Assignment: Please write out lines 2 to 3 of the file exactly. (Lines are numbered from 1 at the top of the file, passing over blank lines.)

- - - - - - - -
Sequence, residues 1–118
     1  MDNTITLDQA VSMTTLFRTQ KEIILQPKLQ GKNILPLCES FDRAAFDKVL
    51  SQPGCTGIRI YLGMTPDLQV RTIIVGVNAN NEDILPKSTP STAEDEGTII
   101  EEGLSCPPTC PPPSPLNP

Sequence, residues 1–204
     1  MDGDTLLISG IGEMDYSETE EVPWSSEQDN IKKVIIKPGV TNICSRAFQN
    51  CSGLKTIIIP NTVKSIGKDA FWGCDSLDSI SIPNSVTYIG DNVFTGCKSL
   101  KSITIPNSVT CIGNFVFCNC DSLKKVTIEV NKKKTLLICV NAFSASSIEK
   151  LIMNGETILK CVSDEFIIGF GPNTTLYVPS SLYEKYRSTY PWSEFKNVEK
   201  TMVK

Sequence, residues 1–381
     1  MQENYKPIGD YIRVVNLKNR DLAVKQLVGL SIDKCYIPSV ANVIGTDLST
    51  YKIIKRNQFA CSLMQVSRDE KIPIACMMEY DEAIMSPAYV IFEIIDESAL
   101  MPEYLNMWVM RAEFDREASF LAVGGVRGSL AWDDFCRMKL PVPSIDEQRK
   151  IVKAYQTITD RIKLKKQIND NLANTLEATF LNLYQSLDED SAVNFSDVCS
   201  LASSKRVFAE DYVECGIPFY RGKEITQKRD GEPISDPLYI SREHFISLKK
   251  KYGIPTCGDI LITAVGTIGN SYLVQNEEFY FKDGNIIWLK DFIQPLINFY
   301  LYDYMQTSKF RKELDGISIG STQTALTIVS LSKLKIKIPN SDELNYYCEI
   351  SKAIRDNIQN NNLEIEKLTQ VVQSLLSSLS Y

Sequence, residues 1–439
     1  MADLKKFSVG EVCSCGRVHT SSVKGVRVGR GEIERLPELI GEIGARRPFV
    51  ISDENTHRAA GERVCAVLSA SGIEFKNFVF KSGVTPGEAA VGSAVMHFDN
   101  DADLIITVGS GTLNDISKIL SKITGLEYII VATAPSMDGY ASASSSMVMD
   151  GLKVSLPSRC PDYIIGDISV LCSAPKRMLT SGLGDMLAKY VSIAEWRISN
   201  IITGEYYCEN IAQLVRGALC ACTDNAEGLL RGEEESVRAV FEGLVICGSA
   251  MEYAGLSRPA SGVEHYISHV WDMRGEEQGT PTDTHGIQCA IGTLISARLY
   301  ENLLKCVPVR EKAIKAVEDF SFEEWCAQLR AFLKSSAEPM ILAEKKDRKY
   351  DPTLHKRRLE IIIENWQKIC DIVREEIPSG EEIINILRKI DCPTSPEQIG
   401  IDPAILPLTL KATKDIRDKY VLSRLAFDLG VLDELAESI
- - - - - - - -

     1  MDNTITLDQA VSMTTLFRTQ KEIILQPKLQ GKNILPLCES FDRAAFDKVL
    51  SQPGCTGIRI YLGMTPDLQV RTIIVGVNAN NEDILPKSTP STAEDEGTII